The U.S. Forest Service Museum Fire Sediment Reduction Project broke ground in late April and is expected to be completed this fall.
Funded by the U.S. Forest Service, the $3.5 million project includes grade stabilization and watershed restoration work to reduce sediment production and transport. Without a reduction in these very high levels of sediment, any expansion of the floodwater conveyances within the City of Flagstaff will not be effective at reducing the level of floodwater impacting homes.
“This is another critical sediment-reduction project that is being built for the benefit of residents in Mt. Elden Estates, Lockett Ranches, and downstream communities,” said Chair of the Board of Supervisors and District Chair Patrice Horstman. “Like the NRCS Emergency Watershed Protection Project that’s currently underway on private lands, this project will mitigate erosion and sediment transport, except on national forest land. I’d like to thank the Forest Service for their commitment to mitigating post-wildfire flooding in Museum area neighborhoods.”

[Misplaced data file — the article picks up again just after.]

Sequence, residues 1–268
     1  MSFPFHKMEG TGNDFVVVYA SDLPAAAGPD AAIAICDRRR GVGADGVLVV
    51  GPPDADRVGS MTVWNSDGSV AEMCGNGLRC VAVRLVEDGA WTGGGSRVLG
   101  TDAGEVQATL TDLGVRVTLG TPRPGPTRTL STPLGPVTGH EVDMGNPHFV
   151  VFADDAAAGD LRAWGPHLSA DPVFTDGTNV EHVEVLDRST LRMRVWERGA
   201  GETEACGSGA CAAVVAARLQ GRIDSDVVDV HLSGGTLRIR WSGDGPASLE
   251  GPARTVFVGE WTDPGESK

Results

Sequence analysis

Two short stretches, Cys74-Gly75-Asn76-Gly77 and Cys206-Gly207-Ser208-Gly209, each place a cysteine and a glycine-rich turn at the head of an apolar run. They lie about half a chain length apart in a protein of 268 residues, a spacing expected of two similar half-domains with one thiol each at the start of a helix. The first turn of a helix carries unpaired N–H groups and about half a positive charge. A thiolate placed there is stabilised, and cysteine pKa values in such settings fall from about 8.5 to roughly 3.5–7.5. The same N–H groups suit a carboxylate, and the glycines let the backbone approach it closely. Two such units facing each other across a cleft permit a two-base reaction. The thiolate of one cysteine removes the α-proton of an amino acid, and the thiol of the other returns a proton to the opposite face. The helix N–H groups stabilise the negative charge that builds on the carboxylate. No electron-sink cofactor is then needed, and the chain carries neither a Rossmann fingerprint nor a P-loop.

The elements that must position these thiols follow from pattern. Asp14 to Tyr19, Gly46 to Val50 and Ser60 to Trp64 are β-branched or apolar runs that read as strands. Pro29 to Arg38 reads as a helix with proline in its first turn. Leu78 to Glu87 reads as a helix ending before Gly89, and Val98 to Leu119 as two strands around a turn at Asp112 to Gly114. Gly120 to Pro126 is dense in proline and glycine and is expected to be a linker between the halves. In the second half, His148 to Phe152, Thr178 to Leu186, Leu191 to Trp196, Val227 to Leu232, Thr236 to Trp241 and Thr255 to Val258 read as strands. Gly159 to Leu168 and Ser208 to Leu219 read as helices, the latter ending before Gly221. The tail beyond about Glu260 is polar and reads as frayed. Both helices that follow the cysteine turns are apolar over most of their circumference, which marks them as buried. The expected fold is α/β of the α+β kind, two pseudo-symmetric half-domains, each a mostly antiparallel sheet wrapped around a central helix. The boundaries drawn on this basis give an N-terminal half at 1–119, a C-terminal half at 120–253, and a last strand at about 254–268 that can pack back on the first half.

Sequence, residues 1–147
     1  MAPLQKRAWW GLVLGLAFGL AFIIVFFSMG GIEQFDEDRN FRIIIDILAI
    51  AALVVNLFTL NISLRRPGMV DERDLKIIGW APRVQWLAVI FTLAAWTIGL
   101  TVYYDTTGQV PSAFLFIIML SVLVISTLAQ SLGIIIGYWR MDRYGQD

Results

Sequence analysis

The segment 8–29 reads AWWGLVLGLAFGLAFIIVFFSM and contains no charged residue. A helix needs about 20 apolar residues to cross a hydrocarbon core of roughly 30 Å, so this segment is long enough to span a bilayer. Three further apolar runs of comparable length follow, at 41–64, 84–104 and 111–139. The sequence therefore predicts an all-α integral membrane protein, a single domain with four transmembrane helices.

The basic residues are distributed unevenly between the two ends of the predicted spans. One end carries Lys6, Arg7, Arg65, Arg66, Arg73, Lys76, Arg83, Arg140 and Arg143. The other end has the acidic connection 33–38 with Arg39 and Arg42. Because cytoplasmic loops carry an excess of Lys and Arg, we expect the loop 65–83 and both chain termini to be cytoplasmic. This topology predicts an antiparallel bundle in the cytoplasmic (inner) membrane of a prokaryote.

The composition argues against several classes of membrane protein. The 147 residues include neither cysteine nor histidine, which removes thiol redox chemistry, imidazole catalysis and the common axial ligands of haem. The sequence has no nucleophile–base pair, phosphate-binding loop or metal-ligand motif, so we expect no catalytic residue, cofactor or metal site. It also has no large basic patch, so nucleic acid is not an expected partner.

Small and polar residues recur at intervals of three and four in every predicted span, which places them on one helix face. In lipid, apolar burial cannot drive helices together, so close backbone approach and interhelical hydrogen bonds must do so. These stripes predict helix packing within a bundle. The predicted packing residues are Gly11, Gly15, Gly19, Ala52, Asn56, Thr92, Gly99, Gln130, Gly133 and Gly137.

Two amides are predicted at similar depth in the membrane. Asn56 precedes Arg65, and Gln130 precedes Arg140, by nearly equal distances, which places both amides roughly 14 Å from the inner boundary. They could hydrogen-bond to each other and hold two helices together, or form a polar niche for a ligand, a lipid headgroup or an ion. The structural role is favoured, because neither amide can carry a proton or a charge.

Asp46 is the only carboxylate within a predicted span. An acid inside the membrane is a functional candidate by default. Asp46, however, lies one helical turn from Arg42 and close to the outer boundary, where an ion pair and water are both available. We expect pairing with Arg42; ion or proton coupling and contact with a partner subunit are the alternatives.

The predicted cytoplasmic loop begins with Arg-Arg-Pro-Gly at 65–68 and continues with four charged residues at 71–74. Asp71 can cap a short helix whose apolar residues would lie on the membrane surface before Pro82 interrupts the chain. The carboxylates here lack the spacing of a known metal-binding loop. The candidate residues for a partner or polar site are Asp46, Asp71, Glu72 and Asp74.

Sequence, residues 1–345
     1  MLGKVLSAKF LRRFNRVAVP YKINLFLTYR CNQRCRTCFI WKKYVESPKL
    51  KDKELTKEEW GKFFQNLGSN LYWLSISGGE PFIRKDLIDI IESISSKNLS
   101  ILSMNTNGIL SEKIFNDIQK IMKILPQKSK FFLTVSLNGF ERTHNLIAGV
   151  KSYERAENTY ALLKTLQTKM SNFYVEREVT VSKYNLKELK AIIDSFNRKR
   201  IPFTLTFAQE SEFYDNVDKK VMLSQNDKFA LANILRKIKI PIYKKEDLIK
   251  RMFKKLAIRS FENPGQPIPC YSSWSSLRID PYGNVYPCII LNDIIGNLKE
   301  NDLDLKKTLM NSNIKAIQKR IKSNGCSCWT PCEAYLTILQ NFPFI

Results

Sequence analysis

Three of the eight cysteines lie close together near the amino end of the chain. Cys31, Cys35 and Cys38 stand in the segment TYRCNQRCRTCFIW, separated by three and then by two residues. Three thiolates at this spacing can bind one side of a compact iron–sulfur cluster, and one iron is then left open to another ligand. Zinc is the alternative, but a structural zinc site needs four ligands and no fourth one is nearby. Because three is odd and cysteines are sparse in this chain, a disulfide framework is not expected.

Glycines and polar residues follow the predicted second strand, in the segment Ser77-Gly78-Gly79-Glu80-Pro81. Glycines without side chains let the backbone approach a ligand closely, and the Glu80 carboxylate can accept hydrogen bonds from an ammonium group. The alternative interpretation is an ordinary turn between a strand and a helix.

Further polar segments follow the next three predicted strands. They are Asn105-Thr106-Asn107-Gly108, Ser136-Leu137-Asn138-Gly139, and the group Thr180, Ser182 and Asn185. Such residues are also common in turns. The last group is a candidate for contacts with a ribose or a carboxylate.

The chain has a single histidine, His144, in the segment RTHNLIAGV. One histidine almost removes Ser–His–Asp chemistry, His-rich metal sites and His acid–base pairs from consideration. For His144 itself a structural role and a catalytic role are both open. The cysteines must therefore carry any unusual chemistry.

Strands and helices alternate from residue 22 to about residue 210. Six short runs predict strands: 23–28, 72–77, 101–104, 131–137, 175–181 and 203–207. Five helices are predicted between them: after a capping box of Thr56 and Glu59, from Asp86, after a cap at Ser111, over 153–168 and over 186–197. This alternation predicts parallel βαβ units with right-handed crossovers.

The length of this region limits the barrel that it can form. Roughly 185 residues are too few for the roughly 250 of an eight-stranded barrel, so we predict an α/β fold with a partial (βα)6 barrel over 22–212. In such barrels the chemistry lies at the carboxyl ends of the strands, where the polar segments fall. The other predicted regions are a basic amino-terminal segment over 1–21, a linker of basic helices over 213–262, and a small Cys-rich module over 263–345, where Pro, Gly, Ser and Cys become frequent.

“Watershed restoration projects like this reduce the impacts of downstream flooding by helping to repair those on-forest areas that are the primary sources of sediment,” said Board Vice-Chair Jeronimo Vasquez, whose district includes the Sunnyside neighborhood. “We know that last year’s storms adversely impacted the already damaged watershed by causing head cuts to deepen and source more sediment. By utilizing rocks, logs, and other natural materials to help slow down water and drop out sediment, this project will accelerate the mountain’s natural healing process and help to keep the damaged areas of the watershed from degrading further.”
For more information, please visit www.coconino.az.gov/MuseumFloodArea.